Fogo de Chão. They, indeed, have the meats.
I was invited to sample their fall menu at the Los Angeles location. The Fogo de Chão way is to keep bringing grilled, table-sliced meat to your table until you tell them to stop. One has to be careful with this style of service, because it’s easy to end up feeling like Earl, in "Diner." He ate the whole left side of the menu. Including the chicken dinner.
Cruz was our server, or one of many servers, and he promised we would leave feeling sated. General Manager Heather was more helpful than we could have hoped and customer service manager Moises was a true gentleman.
I opened the meal with a Brazilian Moscato/Malvasia/Gewurztraminer blend, the demi-sec Salton "Flowers." It’s an $11 glass, from the Serra Gaúcha region, in southern Brazil. The wine is very sweet and fruity, with a decent acidity. A spicy floral element comes from the Gewurztraminer, while the Malvasia offers up some citrus to the sweet moscato. It’s extremely tasty with mushrooms and salads. I ordered an Alamos Argentine Malbec when the meats became the focus, and it was predictable reliable. The wine list offers a wide choice, with plenty of South American options.
Here come the meats. A little girl near our table precociously asked my wife, "Do you know what I call this restaurant?" Without hesitation, she said, "The meat parade." And so it is.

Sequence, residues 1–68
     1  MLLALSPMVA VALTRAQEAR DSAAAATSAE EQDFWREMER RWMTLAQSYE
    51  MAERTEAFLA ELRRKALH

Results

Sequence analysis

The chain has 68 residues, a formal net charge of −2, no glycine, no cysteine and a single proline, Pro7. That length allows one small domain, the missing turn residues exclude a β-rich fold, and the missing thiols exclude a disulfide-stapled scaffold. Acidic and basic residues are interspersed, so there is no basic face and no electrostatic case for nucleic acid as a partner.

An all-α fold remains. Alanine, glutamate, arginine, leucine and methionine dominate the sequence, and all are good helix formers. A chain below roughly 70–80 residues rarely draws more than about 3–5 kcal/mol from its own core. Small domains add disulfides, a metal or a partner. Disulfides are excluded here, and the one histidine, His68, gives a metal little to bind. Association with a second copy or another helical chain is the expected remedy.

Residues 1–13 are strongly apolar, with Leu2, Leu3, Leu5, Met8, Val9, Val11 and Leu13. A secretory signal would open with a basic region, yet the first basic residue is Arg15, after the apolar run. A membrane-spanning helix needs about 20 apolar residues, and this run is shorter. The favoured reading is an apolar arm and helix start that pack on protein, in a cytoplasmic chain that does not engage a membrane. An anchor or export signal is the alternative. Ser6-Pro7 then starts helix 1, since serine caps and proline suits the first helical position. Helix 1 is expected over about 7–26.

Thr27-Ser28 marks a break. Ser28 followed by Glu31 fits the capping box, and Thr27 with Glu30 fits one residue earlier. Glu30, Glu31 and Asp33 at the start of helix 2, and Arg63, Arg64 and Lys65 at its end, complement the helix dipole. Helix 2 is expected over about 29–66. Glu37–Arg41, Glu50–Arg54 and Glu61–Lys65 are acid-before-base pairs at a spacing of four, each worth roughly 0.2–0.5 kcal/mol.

The Linguiça sausage was excellent, smoked in sage and rosemary. The Cordeiro leg of lamb, grilled and earthy, was right where I live. The Beef Ancho, the prime part of the rib eye, is succulent and extremely flavorful. The bone-in Cowboy Ribeye is only available through January 1st, so don't wait. Bone-in meats, says Fogo de Chão, have a more decadent flavor because the bones help retain moisture during the slow cooking.
I didn't try the Picanha Burger, But I wish I had. It sounds so good: "Fresh picanha (sirloin cap) ground in-house sits atop a brioche bun with smoked provolone, bibb lettuce, tomato, onion and chimichurri aioli, served with crispy polenta fries."
Our meal was in the main dining room, but there’s an option for folks who want to eat or spend less. The Churrasco Meat Board happens in the more casual Bar Fogo setting, where you get one, two or three selections of fire-roasted meat, including beef or pork ribs, lamb chops and beer-braised chicken legs, served with their wonderful chimichurri sauce. But, when is chimichurri sauce not wonderful?
I was completely wowed by my dining experience and gave Fogo de Chão an A-. The flavor is uniformly fantastic, but I found some of the beef items a little tough. My wife gave the experience a solid B, as she is always more focused on beef than I am and more critical of its consistency. She agreed that the flavor couldn't be beat and she was in love with the sides.
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